When they reached the public parking lot, Pru stopped and looked at him. “You’re upset about something. Was it what happened when you drove me home a few days ago? I’m really sorry about that. I promise I’ll—”
“Me too.” Shawn shut his eyes and exhaled. “We shouldn’t have done that. I think we need to take a couple of steps backward.” He reached into his pocket and put on his mirrored sunglasses.
Pru gripped her upper arms and shivered. This was why they’d gone out in the first place, to somewhere neutral. In retrospect, this place had been a bad choice. What had she been thinking, suggesting a romantic atmosphere to ask for a platonic relationship? “Okay. I mean, yeah, you’re right.” She dug her fingers in hard enough to know she’d probably be bruised later.
He leaned back on his car, his hands hanging at his sides, shoulders slumped. “You told me you needed to try to be independent, and the thing is, I like you a lot, but my life’s pretty complicated right now.” He sounded tentative and resigned, and he wouldn’t look at her. “I wouldn’t be able to live with myself if you got hurt because I was careless.” The declaration came out as a half-whispered mumble.
“Shawn.” He lifted his head. She had no idea what she wanted to say next, even though she’d rehearsed the conversation in her head. All she could think about was the time he’d recited Robert Frost to her impromptu as a rainstorm began. His mouth was a tight, straight line. He inhaled with a small shudder, and she saw her distorted reflection. It seemed a perfect image of how she was feeling. “It’s all right. I was thinking the same thing for a similar reason, you just brought it up first. I like you a lot too, and I wasn’t sure how to say any of it without hurting you.”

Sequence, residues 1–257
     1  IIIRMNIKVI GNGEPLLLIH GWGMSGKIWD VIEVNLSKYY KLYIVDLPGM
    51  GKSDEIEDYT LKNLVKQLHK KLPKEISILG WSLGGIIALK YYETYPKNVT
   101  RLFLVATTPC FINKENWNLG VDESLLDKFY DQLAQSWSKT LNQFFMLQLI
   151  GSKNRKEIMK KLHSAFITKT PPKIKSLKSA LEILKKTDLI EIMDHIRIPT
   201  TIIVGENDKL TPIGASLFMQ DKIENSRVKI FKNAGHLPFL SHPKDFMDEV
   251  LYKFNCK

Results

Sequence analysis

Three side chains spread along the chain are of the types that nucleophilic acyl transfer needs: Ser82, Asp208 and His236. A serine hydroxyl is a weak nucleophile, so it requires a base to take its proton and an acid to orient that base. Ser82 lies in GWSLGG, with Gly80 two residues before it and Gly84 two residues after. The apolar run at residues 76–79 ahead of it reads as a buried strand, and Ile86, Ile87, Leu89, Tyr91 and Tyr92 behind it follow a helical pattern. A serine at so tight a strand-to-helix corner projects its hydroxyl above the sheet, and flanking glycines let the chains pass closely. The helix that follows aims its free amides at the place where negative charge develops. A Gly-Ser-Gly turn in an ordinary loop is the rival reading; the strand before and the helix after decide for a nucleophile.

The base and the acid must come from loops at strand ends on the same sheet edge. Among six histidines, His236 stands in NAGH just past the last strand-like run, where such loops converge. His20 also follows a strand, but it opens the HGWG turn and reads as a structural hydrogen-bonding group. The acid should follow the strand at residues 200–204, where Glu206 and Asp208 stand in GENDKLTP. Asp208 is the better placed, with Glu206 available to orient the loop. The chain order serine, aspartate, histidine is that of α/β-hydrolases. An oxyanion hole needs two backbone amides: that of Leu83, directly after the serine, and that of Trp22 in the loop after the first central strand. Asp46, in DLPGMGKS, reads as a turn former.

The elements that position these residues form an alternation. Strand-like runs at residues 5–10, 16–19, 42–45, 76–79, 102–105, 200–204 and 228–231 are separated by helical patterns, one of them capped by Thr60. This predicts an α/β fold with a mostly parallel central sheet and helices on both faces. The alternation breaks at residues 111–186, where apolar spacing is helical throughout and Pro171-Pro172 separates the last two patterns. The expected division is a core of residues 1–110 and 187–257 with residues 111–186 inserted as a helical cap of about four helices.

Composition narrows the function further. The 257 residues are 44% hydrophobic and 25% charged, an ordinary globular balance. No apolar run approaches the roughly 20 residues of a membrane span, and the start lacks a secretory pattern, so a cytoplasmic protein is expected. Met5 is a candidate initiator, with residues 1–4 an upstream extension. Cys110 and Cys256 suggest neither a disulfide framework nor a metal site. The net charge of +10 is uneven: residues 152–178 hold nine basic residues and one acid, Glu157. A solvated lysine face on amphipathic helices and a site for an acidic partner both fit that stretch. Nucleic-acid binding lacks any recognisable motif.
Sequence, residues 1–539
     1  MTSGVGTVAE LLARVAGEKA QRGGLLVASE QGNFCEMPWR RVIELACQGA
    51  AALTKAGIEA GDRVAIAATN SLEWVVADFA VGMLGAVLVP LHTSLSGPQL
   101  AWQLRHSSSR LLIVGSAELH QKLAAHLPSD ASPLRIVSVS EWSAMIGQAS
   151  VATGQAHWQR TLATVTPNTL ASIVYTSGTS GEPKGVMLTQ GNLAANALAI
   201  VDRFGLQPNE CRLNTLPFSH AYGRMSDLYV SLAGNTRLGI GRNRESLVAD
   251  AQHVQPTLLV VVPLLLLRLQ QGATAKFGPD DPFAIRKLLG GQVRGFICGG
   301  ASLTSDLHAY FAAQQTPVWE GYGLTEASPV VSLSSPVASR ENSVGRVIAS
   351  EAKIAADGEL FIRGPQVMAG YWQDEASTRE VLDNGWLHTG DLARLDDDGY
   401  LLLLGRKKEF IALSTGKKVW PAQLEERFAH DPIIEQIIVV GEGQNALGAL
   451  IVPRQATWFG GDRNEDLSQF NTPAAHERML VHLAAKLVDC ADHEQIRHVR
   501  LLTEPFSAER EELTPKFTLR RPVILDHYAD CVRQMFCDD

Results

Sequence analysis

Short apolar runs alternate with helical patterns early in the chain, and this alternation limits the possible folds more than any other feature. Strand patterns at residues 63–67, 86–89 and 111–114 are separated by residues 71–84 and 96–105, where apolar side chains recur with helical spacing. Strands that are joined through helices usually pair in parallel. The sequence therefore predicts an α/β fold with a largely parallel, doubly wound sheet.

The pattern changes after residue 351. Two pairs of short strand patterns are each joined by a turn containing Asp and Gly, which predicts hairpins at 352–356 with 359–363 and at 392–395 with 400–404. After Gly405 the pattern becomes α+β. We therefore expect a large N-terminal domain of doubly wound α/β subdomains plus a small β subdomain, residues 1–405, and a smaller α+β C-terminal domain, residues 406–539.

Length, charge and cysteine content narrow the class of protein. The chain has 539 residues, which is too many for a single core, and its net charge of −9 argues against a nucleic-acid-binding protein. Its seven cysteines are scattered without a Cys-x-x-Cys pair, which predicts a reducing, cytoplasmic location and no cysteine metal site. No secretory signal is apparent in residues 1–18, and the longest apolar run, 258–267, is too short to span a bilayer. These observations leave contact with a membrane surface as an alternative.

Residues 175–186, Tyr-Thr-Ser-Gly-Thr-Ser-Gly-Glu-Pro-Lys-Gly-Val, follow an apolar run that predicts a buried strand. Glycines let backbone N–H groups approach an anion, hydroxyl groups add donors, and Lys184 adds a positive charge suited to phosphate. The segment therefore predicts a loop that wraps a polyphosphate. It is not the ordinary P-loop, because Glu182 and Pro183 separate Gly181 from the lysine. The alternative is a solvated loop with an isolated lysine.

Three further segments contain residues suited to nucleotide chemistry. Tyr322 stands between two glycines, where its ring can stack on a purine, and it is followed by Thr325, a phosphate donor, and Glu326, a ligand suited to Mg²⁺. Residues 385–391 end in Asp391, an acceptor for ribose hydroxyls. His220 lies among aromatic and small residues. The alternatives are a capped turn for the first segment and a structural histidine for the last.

He pulled the corners of his mouth back. “We’re on the same page, then. Are we good?”
Focusing on looking resolute as her legs and chest shook, she opened and closed her mouth a couple of times before she was able to get any sound out. “We’re absolutely fine,” she managed. “Except for that one thing, nothing’s really changed, has it? Two friends kissed for a minute. Not a big deal, right?”
“Of course not.” He smiled for real this time and hugged her. His chest was warm, and his heart was racing.
Pru shuddered and put all her energy into holding off tears. She stepped back, and they dropped their arms. “Okay,” she said. She walked around to her own driver’s side door and opened it.
Shawn got into his car. “I’ll see you around, Pru.”
This was for the best. This was what they both wanted. Nothing had changed.
She pretended to do something on her phone while she watched him drop his head back on his seat, shut his eyes, and then straighten, take a big breath, and drive away.
Karen Janowsky has loved superheroes and ancient mythology since the first time she saw the Super Friends on television in 1970’s. Because flying an invisible jet was never a viable career option, and because running around in a cape, swimsuit, and bright red boots is not socially acceptable for adults, she teaches yoga and writing at the College of Southern Maryland. Her stories and poems have been featured in several anthologies and literary magazines since 1991. She received her master’s degree in English from Florida State University.